bulletins showing the advantages
of rerouting the traffic to motor-
'Toward the end of last week we
took surveys for three days on the
traffic flow through the dependent
housing areas and these surveys
showed that traffic in those areas
has decreased 17 per cent since
the Military Police began their
drive" the colonel added.
Five Hood Soldiers
Praised For Aiding
Victims Of Wreck
Five Fort Hood soldiers were
highly praised for the manner in
which they rendered first aid to
the injured at the scene of a Dallas
traffic smashup last Saturday ac
cording to a news story in a Dallas
Arriving at the scene of the
crash in which one civilian was
killed'and eight injured the soldiers
applied their knowledge of first aid
in an efficient an orderly manner.
Police Traffic Sergeant Malcom
Southerland the first Dallas officer
to reach the scene was quoted as
saying "five soldiers from Fort
Hood arrived and started giving
first aid. They worked like real ex
perts. We never would have had
'em all ready as the ambulances
arrived if it hadn't been for those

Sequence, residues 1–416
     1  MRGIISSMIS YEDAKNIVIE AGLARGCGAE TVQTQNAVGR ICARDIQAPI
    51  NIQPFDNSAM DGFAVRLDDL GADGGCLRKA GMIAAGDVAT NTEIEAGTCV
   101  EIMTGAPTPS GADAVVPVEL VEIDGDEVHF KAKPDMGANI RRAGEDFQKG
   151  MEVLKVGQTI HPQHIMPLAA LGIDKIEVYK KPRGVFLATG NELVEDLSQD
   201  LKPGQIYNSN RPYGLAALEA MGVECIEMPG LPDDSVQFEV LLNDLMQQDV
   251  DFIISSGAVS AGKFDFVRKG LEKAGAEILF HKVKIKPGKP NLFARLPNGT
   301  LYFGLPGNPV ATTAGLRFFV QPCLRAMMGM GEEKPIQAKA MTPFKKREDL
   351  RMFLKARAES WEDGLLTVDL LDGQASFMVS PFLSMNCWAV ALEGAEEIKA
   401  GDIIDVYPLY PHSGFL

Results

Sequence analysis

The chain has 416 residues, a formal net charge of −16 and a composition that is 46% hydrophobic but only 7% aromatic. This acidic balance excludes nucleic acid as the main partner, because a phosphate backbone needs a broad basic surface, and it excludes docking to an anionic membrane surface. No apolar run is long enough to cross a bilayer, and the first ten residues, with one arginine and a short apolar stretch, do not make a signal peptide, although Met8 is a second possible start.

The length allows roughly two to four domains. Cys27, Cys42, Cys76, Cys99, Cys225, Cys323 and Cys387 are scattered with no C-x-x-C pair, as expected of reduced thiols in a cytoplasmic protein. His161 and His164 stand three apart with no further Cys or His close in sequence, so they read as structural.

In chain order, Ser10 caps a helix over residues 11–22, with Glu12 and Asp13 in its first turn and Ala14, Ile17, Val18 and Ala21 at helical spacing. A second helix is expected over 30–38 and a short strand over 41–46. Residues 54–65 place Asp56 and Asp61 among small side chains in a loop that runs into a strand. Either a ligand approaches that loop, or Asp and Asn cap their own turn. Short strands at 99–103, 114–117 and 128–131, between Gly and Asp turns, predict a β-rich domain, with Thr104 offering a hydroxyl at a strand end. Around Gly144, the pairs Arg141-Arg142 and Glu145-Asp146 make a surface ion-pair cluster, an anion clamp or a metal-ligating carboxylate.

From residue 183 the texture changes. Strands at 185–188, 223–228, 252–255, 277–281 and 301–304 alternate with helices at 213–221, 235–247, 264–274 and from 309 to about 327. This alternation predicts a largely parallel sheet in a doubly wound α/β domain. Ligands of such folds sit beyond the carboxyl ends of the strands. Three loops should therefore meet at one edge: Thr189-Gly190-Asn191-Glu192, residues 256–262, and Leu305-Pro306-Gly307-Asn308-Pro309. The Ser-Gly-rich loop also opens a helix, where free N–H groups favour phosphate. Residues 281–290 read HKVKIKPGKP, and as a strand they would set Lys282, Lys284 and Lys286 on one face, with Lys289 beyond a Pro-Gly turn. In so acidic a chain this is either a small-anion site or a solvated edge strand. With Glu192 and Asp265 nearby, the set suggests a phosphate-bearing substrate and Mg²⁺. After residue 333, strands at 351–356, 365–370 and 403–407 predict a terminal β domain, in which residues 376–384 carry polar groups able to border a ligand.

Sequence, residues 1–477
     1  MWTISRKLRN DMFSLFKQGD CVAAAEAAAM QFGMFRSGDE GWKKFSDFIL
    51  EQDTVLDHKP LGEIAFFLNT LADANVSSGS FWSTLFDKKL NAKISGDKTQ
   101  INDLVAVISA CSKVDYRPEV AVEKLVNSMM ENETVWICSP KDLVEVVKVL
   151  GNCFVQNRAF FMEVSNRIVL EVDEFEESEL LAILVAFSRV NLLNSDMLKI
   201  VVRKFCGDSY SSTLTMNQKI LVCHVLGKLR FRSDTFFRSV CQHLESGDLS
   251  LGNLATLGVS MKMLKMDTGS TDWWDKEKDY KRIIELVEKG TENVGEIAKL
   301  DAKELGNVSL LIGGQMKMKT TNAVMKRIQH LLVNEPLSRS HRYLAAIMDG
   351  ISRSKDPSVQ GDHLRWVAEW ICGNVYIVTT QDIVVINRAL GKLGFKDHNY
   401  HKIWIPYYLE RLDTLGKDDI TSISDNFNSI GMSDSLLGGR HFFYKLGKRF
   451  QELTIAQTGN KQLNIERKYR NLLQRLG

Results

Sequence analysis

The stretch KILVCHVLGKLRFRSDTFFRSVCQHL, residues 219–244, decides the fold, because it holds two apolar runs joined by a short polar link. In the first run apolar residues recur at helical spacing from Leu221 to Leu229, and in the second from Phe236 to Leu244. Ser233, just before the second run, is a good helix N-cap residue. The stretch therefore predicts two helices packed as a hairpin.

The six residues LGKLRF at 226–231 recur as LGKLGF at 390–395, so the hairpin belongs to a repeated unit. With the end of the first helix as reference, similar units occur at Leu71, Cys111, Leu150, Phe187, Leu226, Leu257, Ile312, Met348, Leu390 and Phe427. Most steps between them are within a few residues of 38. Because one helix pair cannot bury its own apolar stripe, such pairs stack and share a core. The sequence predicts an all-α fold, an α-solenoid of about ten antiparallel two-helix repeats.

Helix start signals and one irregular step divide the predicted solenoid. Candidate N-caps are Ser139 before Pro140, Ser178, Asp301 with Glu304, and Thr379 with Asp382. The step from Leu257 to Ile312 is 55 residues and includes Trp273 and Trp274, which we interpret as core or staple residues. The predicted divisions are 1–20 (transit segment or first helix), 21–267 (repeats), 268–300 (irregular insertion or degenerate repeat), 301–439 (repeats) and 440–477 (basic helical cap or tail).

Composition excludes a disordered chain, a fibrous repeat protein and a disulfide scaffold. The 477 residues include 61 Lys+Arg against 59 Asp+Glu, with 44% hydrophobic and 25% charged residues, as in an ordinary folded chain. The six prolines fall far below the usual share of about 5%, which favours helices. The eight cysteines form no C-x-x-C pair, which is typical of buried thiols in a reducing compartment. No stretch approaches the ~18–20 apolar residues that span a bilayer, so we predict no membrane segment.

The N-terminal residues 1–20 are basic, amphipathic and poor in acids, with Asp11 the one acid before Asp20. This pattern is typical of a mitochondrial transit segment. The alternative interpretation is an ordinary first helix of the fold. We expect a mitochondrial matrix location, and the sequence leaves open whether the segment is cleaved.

The injured were removed to the
'arkland Hospital whore doctors
lound tourniquets bandages or
lickory-limb splints on all of the
rictims. The soldiers were not
Gen. Clarke Will Command
I Corps In Korean Theater
(PIO)—The Department of The Army said that General Mark Clark Commander-in-Chief of United
Nations Forces in the Far East announced Monday that Major General Bruce C. Clarke 1st Armored Di
vision and Fort Hood commander would take command of the 1 Corps in Korea upon his arrival in
Accompanying General Clarke to Korea will be Capt. Charles W. Dryer M-Sgt. Max M. Michalik
and M-Sgt. C. L. Ginger. They wi
General Clarke started his mili
tary career as a private in 1918.
After his discharge that same
year he served in the National
Guard of New York as a private
first class and corporal.
1 serve as members of his personal staff.
CG Bids Farewell
The past two years have been busy but interesting ones
at Fort Hood. With the help and cooperation of all we have
made great progress in every field. Fort Hood has a national
reputation in and out of the service for being a happy clean
efficient attractive community and an outstanding training
establishment. It holds "firsts" in many things and is "pushing"